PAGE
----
Arthur Evans - a man to achieve greatness

Arthur Evans - a man to achieve greatness - student project

Note: (Sir) Arthur Evans is an historical person, the man famous for excavating the palace of Knossos. Henry Schliemann is also an historical figure, famous for doing archielogical excavations and famous for finding the historical Troy - though there’s a lot of debate on what he actually acchieved and the controversial ways and methods he used. Both are more or less larger than life characters on which there could be plenty to base a story on. The belov outlined characters of them as antagonists are highly my own impressions of them after doing a lot of research, some pondering and some tweeking. This is meant for a short story, hence why the descriptions might be a bit cramped.

Question #1: What does your hero want?
What makes your hero get up in the morning? 
Curiosity and restlessness  
What is his heart’s deepest desire, conscious or otherwise?
To be recognised by his father as a great man in his own right
What does he think he wants?
A new endeavour in which he can let loose his drive for action and achievment
What does he actually want?
Recognition for doing something great for the world and to please his father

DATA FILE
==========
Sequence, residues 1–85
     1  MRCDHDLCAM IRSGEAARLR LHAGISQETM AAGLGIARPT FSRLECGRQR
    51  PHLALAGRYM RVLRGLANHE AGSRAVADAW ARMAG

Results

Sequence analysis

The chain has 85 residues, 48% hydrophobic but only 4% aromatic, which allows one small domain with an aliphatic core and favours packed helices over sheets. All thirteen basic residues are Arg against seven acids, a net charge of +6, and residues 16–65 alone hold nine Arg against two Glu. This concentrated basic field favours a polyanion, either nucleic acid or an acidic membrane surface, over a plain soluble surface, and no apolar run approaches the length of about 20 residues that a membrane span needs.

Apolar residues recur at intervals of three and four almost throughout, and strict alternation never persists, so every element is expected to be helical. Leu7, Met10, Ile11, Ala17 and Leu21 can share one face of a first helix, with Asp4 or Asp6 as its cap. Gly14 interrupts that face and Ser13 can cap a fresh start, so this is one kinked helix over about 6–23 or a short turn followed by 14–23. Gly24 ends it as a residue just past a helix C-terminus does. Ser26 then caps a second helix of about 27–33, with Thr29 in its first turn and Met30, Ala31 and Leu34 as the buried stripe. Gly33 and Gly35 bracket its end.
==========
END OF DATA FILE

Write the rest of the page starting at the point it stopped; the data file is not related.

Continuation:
What tangible goals has he set to achieve them?
He has set up a meeting with the world famous archelogist adventurer Henry Schlieman, to question him about his achievements and methods in doing archelogical field work in Troy, Tiryns and Mycene. Also he has found some coins in an Athens market, that he’d like to show and get answers on
Is his goal possible?
Yes, he has been inviteted to meet Schliemann at his villa in Athens
How can we relate to his goal?
Human curiosity to learn more, to not rest until you’ve gotten to the bottom of things
Why do we want him to succeed?
Because we want to see the answers to his questions and where it will take him

Question #2: How does your hero need to change?
What are your protagonist’s flaws?
No real grasp of his own identity and restless search for where to belong,